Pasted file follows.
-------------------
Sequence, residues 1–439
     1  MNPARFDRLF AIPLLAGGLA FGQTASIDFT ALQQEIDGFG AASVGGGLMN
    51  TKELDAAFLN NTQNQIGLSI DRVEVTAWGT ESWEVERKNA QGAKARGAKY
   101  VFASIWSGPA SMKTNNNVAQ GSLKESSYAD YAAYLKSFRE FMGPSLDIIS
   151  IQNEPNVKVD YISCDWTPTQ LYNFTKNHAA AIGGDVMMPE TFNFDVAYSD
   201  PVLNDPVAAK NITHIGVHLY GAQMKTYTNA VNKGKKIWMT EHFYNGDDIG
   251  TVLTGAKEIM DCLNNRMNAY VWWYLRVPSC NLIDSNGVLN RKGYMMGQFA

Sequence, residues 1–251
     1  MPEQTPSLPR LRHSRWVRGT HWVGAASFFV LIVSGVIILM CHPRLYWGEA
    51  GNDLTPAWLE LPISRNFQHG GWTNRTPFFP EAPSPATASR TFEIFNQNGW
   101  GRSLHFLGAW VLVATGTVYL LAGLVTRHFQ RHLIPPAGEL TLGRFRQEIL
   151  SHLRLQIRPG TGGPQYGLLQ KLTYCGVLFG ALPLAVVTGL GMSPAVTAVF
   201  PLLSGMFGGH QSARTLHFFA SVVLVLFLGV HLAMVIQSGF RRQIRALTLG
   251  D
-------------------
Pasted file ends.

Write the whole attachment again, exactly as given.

Sequence, residues 1–439
     1  MNPARFDRLF AIPLLAGGLA FGQTASIDFT ALQQEIDGFG AASVGGGLMN
    51  TKELDAAFLN NTQNQIGLSI DRVEVTAWGT ESWEVERKNA QGAKARGAKY
   101  VFASIWSGPA SMKTNNNVAQ GSLKESSYAD YAAYLKSFRE FMGPSLDIIS
   151  IQNEPNVKVD YISCDWTPTQ LYNFTKNHAA AIGGDVMMPE TFNFDVAYSD
   201  PVLNDPVAAK NITHIGVHLY GAQMKTYTNA VNKGKKIWMT EHFYNGDDIG
   251  TVLTGAKEIM DCLNNRMNAY VWWYLRVPSC NLIDSNGVLN RKGYMMGQFA

Sequence, residues 1–251
     1  MPEQTPSLPR LRHSRWVRGT HWVGAASFFV LIVSGVIILM CHPRLYWGEA
    51  GNDLTPAWLE LPISRNFQHG GWTNRTPFFP EAPSPATASR TFEIFNQNGW
   101  GRSLHFLGAW VLVATGTVYL LAGLVTRHFQ RHLIPPAGEL TLGRFRQEIL
   151  SHLRLQIRPG TGGPQYGLLQ KLTYCGVLFG ALPLAVVTGL GMSPAVTAVF
   201  PLLSGMFGGH QSARTLHFFA SVVLVLFLGV HLAMVIQSGF RRQIRALTLG
   251  D